For the penultimate Companion Chronicles story, we return to an old favourite. Continuing from where 2010’s ‘Find and Replace’ left off, Jo Jones (née Grant) is off on an adventure with the irrepressible Iris Wildthyme.
For those not acquainted with Ms Wildthyme, the trans-temporal adventuress, suffice to say that she is a sometime ally, sometime thorn in the side of the Doctor who takes a much more relaxed attitude to time travel. The pair have crossed paths on numerous occasions, in both audio and prose, and Iris even has her own series of audio tales.
Hailing from the mysterious Obverse, Iris shares many characteristics with the Time Lord and has her own time machine which takes the form of a Red London Bus but is smaller on the inside.
Arriving in 1930s Hollywood, Jo is swept along with the excitement of time travel again after all these years. There is initially a clash of ideologies to be dealt with though, because while Jo is used to responsible time travel as espoused by the Doctor, Iris’ first action on arrival is create an anachronism outside Grauman’s Chinese Theatre, Hollywood Boulevard on her mobile phone.
Heading off to crash a glamorous party, with the aid of some psychic money, trouble soon comes their way as they encounter a Hollywood Diva named Vita Monette. Vita is famously responsible for a series of monster features, but even she doesn’t expect to have one of her stars crash the party, apparently terrifyingly real!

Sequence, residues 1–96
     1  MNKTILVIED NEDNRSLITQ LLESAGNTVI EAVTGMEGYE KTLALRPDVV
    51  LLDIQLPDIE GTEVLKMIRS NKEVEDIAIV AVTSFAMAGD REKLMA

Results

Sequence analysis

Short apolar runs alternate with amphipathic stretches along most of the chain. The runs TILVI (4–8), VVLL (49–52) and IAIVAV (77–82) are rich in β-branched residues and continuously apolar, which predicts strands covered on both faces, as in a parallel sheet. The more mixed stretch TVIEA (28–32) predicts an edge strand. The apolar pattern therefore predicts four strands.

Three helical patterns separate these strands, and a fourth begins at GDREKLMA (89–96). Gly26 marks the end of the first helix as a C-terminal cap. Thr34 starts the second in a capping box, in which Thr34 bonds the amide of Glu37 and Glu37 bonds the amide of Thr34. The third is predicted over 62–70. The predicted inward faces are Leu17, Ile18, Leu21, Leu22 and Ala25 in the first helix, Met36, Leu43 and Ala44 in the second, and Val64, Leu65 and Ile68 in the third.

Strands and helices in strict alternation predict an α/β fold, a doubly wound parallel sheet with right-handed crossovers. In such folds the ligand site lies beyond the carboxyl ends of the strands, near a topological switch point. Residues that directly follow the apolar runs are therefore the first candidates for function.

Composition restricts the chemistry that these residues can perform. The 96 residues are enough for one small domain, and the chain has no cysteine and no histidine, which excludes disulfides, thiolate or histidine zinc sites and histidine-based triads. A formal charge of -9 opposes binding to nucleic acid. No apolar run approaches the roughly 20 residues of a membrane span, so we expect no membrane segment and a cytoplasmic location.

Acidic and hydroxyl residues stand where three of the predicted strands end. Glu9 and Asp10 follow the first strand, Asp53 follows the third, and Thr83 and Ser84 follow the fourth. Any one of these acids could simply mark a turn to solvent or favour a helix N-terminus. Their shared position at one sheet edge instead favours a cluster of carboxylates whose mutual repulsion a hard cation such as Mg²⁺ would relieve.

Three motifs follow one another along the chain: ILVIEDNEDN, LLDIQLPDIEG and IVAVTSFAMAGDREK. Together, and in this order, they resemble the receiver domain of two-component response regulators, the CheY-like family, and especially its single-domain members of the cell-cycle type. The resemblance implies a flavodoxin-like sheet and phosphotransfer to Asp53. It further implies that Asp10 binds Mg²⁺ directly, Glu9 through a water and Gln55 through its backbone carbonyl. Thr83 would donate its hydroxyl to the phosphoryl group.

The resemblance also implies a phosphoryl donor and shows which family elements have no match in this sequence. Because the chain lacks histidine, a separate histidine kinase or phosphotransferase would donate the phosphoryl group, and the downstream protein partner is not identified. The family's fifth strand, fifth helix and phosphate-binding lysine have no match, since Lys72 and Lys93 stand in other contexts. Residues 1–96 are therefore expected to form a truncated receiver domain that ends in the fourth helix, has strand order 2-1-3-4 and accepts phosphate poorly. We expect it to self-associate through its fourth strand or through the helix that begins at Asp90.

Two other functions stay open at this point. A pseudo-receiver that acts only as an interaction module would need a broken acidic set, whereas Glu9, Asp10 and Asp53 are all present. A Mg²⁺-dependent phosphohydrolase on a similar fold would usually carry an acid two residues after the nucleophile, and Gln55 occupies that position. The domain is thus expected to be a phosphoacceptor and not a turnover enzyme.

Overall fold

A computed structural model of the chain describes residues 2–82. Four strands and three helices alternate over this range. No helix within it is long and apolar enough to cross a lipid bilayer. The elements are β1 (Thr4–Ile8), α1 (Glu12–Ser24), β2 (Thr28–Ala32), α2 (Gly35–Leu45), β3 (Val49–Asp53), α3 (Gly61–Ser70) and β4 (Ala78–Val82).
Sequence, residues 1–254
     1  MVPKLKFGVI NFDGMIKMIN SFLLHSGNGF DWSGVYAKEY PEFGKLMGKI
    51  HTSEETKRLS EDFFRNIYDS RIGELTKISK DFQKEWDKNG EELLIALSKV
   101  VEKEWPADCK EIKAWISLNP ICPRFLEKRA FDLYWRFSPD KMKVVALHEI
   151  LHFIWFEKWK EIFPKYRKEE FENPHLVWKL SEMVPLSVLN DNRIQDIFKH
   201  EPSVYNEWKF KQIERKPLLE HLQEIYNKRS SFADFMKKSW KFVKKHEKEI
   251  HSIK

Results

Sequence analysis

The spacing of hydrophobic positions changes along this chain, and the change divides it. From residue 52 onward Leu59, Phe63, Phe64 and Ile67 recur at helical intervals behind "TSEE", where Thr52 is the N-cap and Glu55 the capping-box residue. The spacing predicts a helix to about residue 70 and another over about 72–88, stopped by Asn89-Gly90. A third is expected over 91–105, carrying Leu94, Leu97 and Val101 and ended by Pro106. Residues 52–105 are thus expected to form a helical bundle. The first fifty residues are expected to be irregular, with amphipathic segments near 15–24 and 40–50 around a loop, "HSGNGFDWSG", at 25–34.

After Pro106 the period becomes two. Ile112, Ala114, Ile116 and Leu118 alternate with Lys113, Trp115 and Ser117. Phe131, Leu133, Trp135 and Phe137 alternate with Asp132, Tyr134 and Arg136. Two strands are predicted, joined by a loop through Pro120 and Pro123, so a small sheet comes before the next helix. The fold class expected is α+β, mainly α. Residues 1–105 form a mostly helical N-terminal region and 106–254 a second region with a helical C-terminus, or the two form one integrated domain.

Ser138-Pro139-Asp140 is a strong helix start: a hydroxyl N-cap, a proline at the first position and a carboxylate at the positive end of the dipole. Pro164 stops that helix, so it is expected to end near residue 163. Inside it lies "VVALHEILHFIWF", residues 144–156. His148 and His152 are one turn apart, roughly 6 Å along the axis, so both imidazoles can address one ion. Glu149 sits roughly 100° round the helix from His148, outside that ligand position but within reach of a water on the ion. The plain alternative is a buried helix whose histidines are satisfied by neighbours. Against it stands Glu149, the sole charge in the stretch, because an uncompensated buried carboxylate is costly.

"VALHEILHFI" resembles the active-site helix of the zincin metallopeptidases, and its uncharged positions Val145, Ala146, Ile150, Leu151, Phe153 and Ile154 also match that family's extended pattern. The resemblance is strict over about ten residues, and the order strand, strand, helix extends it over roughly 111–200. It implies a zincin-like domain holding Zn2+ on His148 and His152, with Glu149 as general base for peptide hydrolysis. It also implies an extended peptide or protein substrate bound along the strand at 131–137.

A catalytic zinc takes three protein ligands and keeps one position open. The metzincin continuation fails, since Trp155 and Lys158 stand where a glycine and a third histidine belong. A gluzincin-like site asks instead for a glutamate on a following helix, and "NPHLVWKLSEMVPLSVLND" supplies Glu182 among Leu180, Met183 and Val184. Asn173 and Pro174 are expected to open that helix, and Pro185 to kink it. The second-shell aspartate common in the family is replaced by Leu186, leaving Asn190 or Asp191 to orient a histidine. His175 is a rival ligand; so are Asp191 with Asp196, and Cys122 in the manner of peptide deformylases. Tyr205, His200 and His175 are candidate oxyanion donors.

It soon transpires that Iris has some history with Vita from the time of silent movies and she is not the only one looking into the film director. A familiar face is at the party, but perhaps not the one we were expecting…
Katy Manning is on fine form in what is essentially a triple-header with herself, enthusiastically providing voices for Jo and Iris as well as the devilish Vita Monette. Derek Fowlds ably supports in the role of Monsieur Claude, Vita’s put upon husband who is party to her dark secret.
Paul Magrs’ tale blends the comic and the horrific, with a villain who is truly out for herself, but its heart is the charming paring of an older and more worldly-wise Jo with his most irreverent creation.
For her part, Iris remains as entertaining as ever. Despite it being Jo’s tale, she consciously grabs the narration duties on occasion, littering her reminiscences with gags and knowing asides. There are melancholic notes heard from Iris too, who seems desperate to keep hold of her new travelling companion and makes a surprising admission.
With ‘The Elixir of Doom’ apparently stated as Iris’ last hurrah for Big Finish, we are happy to say she has gone out with style… but we will keep hoping that the No. 22 to Putney will roll into view again when the Doctor least expects it!
Released in May 2014 by Big Finish Productions Ltd.
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